Australia will bring the world’s environment leaders together at a major environment summit in 2024. The global Positive Nature Summit aims to secure billions of dollars in investment to protect and replenish the natural world.

Environment Minister Tanya Plibersek made the announcement while attending the COP15 biodiversity conference in Montreal. Australia will host the summit to “supercharge private investment in protecting and repairing our environment”, she said.

The summit will focus on how to encourage private finance for “on-the-ground nature repair projects, such as restoring mangroves, protecting waterways, and re-establishing habitat for threatened species.” The aim is to help nations gain the knowledge, tools and technical support they need to attract private investment for such projects. For example, Australia requires over AUD $1 billion per year to protect and restore nature, said Minister Plibersek. 

A Paris Agreement for nature

In the previous week, Minister Plibersek said the world was on an “unsustainable” path unless a major international agreement to protect the environment was reached. Countries must model the Paris Agreement for nature and biodiversity. “We’ve got to halt biodiversity loss and begin to repair nature”, she said.

The government recently announced its Nature Positive Plan, aiming to shift Australia’s trend of declining species populations and ecosystems to that of restoration and regeneration. The plan includes actions to fix Australia’s broken environmental laws and establish an independent Environment Protection Agency. It will also establish a Nature Repair Market to encourage and guide private investment in nature.

The ten-year Nature Positive Plan aims to halt any future species extinction in Australia. “We’d like to see that target adopted internationally”, she said.

Person stood in forest with felled trees

Deforestation for timber industries and agricultural expansion wipe out habitats and threatened species populations

Wetlands - Fogg Dam Conservation Reserve, Northern Territory

Fogg Dam Conservation Reserve, Northern Territory. More areas of the planet should be protected for ecosystems to thrive. Photo: Geoff Whalan.

The global Nature Positive Summit

Businesses worldwide want to invest in nature, said Minister Plibersek. Their customers, investors, staff and exposure to nature-related risks demand it. Governments must help guide private investment to where it will benefit nature the most. “Australia has much to share, but plenty we can learn too”, she said. 

This environment summit will be an opportunity for countries and businesses to:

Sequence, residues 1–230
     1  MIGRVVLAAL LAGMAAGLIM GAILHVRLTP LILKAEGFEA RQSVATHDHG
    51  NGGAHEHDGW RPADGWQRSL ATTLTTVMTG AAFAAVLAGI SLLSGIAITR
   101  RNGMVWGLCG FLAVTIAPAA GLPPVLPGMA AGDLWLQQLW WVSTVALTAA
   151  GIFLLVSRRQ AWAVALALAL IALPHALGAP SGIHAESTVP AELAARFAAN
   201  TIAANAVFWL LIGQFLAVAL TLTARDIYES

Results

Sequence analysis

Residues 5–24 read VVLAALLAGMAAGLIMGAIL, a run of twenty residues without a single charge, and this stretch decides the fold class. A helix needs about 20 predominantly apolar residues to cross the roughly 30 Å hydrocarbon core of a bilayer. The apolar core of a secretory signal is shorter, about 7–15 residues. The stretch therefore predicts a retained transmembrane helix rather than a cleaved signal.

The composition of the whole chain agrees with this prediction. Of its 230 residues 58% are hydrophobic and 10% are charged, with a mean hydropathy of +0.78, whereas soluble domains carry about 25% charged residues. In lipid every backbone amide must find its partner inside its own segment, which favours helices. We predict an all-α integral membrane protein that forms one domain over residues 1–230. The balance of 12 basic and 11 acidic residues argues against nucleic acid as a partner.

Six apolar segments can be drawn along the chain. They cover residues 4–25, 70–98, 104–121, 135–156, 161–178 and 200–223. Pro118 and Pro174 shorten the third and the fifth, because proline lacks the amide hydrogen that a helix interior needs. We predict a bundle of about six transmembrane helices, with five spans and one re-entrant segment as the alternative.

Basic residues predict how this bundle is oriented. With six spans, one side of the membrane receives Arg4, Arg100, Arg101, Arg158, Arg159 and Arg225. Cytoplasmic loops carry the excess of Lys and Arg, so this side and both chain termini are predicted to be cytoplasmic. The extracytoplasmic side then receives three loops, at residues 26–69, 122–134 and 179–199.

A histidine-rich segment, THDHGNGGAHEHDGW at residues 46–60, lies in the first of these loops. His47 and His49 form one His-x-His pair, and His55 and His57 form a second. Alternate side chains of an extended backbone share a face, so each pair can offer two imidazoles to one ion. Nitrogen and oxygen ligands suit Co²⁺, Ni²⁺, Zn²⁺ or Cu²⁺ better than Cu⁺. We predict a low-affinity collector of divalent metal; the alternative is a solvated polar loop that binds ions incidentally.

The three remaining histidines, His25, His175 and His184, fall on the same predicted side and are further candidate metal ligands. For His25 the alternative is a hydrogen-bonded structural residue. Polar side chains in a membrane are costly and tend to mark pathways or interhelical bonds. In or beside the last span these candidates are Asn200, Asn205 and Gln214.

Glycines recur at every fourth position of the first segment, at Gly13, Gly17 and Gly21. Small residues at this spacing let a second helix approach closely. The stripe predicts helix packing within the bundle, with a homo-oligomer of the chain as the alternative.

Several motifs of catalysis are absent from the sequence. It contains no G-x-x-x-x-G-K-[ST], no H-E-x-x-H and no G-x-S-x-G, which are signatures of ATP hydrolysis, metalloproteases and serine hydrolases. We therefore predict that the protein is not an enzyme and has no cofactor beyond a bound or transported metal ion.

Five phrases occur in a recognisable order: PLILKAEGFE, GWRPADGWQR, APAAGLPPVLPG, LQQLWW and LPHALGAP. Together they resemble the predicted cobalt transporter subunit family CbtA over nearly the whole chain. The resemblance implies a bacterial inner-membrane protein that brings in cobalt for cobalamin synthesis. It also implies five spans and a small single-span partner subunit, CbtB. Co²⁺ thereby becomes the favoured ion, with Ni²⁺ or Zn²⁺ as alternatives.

• Share technical knowledge about what works to increase private investment in nature. The goal is to protect 30 per cent of the world’s land and sea by 2030.
  • Learn about the most effective nature protection and repair projects. This will help funnel private investment to where it can make the biggest difference.
  • Work together to better measure the economic value of nature. This will help governments and businesses consider environmental impacts more clearly, make better investment decisions and move to a nature positive economy.

The summit will support the implementation of the Convention on Biological Diversity and the UN Framework Convention on Climate Change. It will also build on Australia’s strong support for the International Taskforce on Nature-related Financial Disclosure.

Minister Plibersek will announce the host city in the coming months. “We will work closely with our Pacific family to ensure the Summit has strong representation from our region”, she said.

Turtle and corals, some bleached, Great Barrier Reef

The Great Barrier Reef faces severe environmental and climate threats

Climate action is also vital for nature

Securing investment to protect and restore nature could have a significant positive impact on species and ecosystem preservation. However, climate action and nature protection must go hand in hand. It is worth noting that in November, UNESCO scientists singled out Australia to say its climate policies were not ambitious enough to safeguard its Great Barrier Reef.

Australia’s current emissions reduction plan is consistent with a 2°C rise in global average temperatures, which would all but wipe out the reef. The reef should be rated as “in danger” of losing World Heritage status, UNESCO said, reiterating its message first made in 2021. This is despite the government’s recent announcement of AUD 1.2 billion in funding for its protection. Ultimately, the long-term success of many nature preservation efforts will prove futile if climate action and emissions reductions fall short.